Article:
I always hear the objection that Christians (and other religious people) should keep their religious views to themselves and not bring them into politics. We shouldn’t force our moral views on others by making the government endorse them. Even if we’re not making the government endorse them, we shouldn’t force our views on other people simply because everyone is entitled to their own belief or “opinion” (there we go we opinion and belief again). If we do so, since our views stem from a religion, thus the government must be supporting a religious view and thus it violates the separation of church and state. Moreover, If I’m making a moral objective claim about something, say that abortion is wrong, I cannot impose my belief or “opinion” on others.
First, I would agree that everyone is entitled to their opinion or belief. There’s no problem there. But I think if someone is wrong, and if we have good reasons to think so, there’s nothing wrong with challenging those beliefs or opinions. Secondly, there are a lot of assumptions with those statements made in the above paragraph. What is the relationship between religion and morality? And what is the relationship between government and morality? The middle term here that connect religion and government is morality. Moreover, the other assumption is that the government must be neutral with regards to religious matters. But what does it mean to be neutral, and can the government be neutral? Sorry to spoil the fun boys and girls, but one way or the other, the government is going to fall on one side of the debate. That is inevitable.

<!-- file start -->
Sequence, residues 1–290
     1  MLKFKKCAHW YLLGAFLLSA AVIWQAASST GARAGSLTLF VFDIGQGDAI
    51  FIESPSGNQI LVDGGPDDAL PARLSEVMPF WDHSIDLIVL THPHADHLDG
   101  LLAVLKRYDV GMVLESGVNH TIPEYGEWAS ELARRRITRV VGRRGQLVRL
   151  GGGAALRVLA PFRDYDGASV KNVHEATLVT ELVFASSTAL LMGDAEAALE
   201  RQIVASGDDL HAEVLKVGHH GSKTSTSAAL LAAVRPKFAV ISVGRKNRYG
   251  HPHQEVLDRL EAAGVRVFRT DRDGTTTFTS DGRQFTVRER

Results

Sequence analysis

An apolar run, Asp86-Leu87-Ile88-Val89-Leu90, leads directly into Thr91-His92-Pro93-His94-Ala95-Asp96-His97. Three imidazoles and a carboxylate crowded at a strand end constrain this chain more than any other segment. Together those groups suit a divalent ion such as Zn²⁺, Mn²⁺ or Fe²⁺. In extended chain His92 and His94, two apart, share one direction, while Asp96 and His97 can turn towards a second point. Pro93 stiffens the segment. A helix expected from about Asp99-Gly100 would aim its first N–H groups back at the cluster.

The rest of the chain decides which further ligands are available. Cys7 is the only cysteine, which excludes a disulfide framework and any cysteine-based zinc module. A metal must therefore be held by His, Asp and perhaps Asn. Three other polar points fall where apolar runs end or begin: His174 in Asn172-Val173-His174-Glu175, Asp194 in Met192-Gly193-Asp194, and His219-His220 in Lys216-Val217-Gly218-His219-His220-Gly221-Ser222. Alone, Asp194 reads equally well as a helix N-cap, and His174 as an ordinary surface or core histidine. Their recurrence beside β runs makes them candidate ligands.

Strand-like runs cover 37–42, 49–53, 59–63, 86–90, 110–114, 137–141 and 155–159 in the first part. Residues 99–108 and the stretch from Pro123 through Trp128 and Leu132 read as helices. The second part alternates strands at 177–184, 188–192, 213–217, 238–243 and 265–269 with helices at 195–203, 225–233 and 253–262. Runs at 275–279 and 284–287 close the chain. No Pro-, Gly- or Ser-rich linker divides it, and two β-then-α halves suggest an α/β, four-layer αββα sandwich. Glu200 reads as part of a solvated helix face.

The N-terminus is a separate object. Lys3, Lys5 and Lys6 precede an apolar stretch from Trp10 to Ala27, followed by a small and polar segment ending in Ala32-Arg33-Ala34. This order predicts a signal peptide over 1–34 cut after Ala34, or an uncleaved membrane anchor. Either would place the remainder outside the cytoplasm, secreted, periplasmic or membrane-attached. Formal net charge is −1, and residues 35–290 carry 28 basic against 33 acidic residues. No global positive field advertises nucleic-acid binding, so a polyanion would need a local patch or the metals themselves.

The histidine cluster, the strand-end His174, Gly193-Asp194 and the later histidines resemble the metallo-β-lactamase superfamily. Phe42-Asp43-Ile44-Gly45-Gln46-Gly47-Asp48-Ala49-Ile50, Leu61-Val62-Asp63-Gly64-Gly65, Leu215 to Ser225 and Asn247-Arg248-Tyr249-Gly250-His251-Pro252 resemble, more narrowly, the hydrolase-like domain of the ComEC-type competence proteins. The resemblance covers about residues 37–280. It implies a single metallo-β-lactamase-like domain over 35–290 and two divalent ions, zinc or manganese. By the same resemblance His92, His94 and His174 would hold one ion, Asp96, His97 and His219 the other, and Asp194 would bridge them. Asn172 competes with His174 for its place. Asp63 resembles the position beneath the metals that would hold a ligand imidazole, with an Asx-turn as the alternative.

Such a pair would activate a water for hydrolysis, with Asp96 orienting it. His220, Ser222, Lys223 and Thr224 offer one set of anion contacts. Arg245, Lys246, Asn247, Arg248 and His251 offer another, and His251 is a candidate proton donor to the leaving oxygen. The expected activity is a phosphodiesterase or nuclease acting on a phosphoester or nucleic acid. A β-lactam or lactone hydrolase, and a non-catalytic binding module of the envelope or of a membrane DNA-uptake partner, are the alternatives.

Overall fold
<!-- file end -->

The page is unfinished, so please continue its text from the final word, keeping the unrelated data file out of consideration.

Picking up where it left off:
Either it sides with the religious man that has his moral view or it sides with the secularist or liberal who has her moral view. It’s either going to side with the pro-choice woman that says “Abortion is not wrong; refusing my choice to abort is wrong” or it sides with the conservative pro-lifer who says, “Abortion is wrong.” The pro-choicer will “force” her views down the throat of others, and the same will happen with the other person. Even by saying that you’re not trying to force your view on someone, simply by taking a stand for your view, and or endorsing policies that supports your view, you are essentially “forcing” your view on others or making particular judgements on people–namely, that one ought not refuse the “right” for someone to abort. So, inevitably someone’s morality is being forced upon the other. Doesn’t this undercut the whole complaint that we “shouldn’t force our moral views on others”?
Because moral relativism is such a big topic, I’ve decided to break up this post into two parts. So, I’ll deal with moral relativism in part 2 of this post.